What a lot of tour guides won’t tell you is that there are two tourist areas at Cu Chi, the main difference being that one, Ben Duoc, has tunnels widened to accommodate Westerners’ bulk – but it is only through them that you can get to the underground chambers. Ben Duoc als has a huge temple built to the memory of the Vietcong who died in the tunnels.
The other site, Ben Dinh, by far the most touristy, has a much more realistic tunnel that goes down three levels and gets narrower at the end (be warned!) but claustrophobics can reach the bunkers directly from ground level.
If you are visiting Vietnam because you are interested in war history, you will also want your guide to take you to the Minh Dam caves, in the Long Hai mountains between Saigon and Vung Tau, which were the Vietcong’s headquarters during the Australian army’s occupation of Phuoc Tuy province.
There you can clamber down into kitchens and sleeping chambers that survived a decade of B52 bombs unscathed and undiscovered. You will also find one of only two reminders that Australians were ever in Vietnam – a plaque that marks when this was Vietcong HQ lists dates that exactly match Australian troops’ presence in the area. The other memorial is, of course, the cross at nearby Long Tan.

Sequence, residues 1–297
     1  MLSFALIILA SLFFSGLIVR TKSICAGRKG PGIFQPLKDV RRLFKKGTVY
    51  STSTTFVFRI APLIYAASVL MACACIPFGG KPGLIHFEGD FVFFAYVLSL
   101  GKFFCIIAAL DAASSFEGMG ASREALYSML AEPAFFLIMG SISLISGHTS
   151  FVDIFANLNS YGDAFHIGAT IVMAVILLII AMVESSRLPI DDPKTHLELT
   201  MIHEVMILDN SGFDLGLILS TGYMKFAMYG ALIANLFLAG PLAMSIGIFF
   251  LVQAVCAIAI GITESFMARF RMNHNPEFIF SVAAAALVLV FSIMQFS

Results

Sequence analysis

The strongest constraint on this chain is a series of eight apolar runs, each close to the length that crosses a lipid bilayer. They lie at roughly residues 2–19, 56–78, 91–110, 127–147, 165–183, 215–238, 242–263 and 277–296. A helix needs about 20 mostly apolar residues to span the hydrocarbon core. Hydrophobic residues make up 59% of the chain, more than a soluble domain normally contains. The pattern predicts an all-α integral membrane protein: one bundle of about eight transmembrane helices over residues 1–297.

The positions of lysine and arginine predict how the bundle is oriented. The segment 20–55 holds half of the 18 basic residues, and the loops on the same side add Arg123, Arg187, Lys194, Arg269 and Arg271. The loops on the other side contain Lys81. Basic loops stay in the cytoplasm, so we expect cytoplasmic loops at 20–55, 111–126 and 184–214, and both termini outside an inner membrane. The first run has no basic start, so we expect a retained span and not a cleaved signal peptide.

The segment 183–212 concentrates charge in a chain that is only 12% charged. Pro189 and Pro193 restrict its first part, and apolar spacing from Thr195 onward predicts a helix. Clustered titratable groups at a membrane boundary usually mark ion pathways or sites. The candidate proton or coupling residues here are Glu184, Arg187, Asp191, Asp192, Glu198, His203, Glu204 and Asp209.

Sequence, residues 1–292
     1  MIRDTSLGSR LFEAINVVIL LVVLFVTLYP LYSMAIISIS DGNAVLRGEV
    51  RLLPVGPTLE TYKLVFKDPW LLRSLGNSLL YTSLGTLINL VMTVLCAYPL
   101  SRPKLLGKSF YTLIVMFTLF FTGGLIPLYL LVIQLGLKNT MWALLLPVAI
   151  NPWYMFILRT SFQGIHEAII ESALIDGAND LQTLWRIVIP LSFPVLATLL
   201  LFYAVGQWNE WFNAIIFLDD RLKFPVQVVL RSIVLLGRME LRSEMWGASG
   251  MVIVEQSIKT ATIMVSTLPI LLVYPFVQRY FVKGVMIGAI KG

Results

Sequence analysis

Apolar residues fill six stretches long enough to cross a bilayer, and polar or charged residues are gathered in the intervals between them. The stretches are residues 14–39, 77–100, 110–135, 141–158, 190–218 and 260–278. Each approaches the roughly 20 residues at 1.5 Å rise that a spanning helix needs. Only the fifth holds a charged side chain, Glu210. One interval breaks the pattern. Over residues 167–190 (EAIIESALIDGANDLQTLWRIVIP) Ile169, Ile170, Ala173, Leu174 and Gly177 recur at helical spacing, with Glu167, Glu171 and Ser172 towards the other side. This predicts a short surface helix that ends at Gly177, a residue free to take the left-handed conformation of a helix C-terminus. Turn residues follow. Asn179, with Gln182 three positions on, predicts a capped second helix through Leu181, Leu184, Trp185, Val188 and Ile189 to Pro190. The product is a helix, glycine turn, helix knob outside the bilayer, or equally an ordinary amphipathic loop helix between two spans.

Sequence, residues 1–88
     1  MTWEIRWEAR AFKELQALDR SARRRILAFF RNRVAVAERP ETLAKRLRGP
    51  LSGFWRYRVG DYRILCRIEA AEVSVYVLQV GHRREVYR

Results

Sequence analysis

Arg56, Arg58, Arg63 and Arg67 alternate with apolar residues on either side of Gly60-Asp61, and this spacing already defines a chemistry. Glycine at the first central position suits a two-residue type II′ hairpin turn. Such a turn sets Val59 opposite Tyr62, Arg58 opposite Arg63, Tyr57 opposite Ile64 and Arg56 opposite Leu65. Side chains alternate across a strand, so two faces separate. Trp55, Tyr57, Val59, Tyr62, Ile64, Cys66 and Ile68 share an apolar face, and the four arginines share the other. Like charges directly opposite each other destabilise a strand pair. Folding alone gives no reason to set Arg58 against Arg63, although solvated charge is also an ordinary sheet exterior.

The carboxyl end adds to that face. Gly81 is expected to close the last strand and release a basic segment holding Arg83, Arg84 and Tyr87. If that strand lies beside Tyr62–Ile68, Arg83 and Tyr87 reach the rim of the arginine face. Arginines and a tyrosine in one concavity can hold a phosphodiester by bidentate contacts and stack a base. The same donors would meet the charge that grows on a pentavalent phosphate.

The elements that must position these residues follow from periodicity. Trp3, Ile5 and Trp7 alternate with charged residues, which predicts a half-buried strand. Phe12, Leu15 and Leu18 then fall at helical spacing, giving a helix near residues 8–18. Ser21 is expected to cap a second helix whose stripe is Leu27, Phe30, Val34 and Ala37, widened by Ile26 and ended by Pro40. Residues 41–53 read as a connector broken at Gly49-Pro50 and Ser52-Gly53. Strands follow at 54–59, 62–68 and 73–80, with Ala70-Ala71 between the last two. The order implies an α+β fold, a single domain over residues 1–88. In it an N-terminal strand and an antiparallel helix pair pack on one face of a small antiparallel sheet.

When you are in Saigon, you should also visit the former Presidential Palace with its underground war rooms and, yes, an escape tunnel should the president have ever needed it. And you can hit the heights at the Bitexco Tower with its 40th floor viewing gallery. Although not huge by Australian high-rise standards, was, until recently, the tallest building in Vietnam and the views from up there are breathtaking.
From there you can see the Mai Chi Tho highway disappear under the Saigon River, just a few hundred metres from where ferries used to run a constant shuttle service from the undeveloped east bank. Three at a time, one on each bank and one in mid crossing, they disgorged motorbikes and scooters by the hundreds, carrying four or even five members of a family, in a never-ending stream of two-wheeled humanity.
For decades they talked about building a bridge here but that would have meant clearing several blocks of the city’s most historic buildings. I often imagine being in the city council chambers when some bright spark said, “Hey, do we do tunnels?”